Meanwhile, I am now playing on both the ‘old’ and the ‘new’ websites, so I hope you can see this blog in both places. If you know the location of the new pages and fancy getting involved as a ‘critic’ or checker, there is a ‘comments’ box on the new site. I appreciate some of you are probably getting frustrated not knowing where the new site is but that is because it is still under construction and testing and has not been fully released yet. Patience, friends. Everything of import will continue to be published on the ‘old’ site for now.
You think you can just ‘drive’ your barge up the Thames for the weekend and moor it against a handy buoy? Oh, No, No, No, NO! This is a Proper River with a serious port and the weekend is a State Occasion in honour of Her Majesty the Queen. There are procedures and protocols to follow, son! I have to admit to a guilty smile when I hear about some of the hoops we have to jump through to show off our barge but I love that we are part of it all and I love that we are a ‘serious’ organisation and that our Chairman is the esteemed Rear Admiral Bruce Richardson CB FNI.
Boss of Volunteers, Basil e-mails me with some detail on the ‘hoops’ of which I was completely unaware. Did you know for example that you don’t just string up a load of bunting round your barge; there are even Correct Naval Procedures for hanging bunting. The International Code Flags are used to “DRESS” ship. In nautical practice, it is said that the flags are ‘worn’ and not ‘flown’ by the vessel. Officer’s flags, club burgees and national flags are not used as part of the bunting. The ship is dressed at 0800 and remains dressed (at anchor only, except for a vessel’s maiden or final voyage) until evening colours at sunset.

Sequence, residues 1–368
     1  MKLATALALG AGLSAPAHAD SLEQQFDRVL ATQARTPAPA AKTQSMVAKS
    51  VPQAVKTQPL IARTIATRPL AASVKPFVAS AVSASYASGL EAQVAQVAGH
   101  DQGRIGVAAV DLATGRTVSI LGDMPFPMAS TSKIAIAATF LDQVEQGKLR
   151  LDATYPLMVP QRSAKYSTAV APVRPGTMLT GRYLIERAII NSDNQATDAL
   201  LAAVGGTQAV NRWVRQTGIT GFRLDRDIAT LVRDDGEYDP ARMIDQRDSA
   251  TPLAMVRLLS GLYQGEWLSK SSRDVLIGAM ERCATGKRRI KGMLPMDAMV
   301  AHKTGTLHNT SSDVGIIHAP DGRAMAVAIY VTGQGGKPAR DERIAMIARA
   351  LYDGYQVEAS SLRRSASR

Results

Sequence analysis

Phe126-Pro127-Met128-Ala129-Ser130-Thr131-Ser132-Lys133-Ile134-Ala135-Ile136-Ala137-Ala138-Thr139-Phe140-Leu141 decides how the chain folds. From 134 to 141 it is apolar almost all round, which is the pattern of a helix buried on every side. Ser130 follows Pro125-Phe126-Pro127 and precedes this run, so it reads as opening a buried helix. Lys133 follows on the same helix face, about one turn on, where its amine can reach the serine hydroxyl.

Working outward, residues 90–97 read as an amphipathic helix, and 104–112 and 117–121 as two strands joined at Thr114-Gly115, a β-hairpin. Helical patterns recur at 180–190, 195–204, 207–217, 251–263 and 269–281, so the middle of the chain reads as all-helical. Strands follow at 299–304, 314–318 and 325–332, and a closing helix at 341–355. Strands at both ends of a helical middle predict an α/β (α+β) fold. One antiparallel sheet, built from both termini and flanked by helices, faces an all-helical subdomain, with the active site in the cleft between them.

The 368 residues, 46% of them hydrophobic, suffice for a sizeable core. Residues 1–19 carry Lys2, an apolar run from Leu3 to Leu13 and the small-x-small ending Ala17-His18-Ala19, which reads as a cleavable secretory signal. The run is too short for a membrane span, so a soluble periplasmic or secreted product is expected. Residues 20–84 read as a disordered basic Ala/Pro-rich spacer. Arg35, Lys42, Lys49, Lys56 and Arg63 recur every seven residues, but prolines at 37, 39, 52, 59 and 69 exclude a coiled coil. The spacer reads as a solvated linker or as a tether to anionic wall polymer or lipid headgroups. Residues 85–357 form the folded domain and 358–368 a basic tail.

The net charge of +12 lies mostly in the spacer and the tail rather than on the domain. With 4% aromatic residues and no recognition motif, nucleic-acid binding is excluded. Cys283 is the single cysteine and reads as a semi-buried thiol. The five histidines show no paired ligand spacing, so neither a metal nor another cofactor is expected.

The ‘hoist’ is done in the following sequence . . .
- The yacht ensign or national ensign at the stern staff
- Courtesy flag (if in foreign port) on starboard flag halyard
- The Union Jack may be displayed at the bow staff
- Club or fleet or association burgee on a pig stick to masthead or to the ‘starboard spreader’, alone, on its own and separate flag halyard
- A rainbow of International Code flags are then arranged from the waterline forward ‘up and over’ (that is to all mast heads) to the waterline aft. Flags and pennants are bent on alternately. Since there are twice as many letter flags as numeral/repeater pennants, it is good practice to follow a sequence of two flags, one pennant, two flags, one pennant, etc. A weight is used as a sinker at each end of the string of flags at the waterline fore and aft.
The sequence of the code flags can be any order but the following is the long accepted ‘recommended order’ to give a harmonious colour pattern. This also avoids the possibility of a hidden message being set in the hoist.
Starting from the waterline forward, to the masthead(s), and to the water line aft . . .
A B 2 U J 1 K E 3 G H 6 I V 5 F L 4 D M 7 P O Third Repeater R N First Repeater S T Zero C X 9 W Q 8 Z Y Second Repeater
So now you know! Basil tells me that we were the only barge who ‘Dressed all Over’ correctly although some other barges “had a reasonable go at it”.
More on this tomorrow.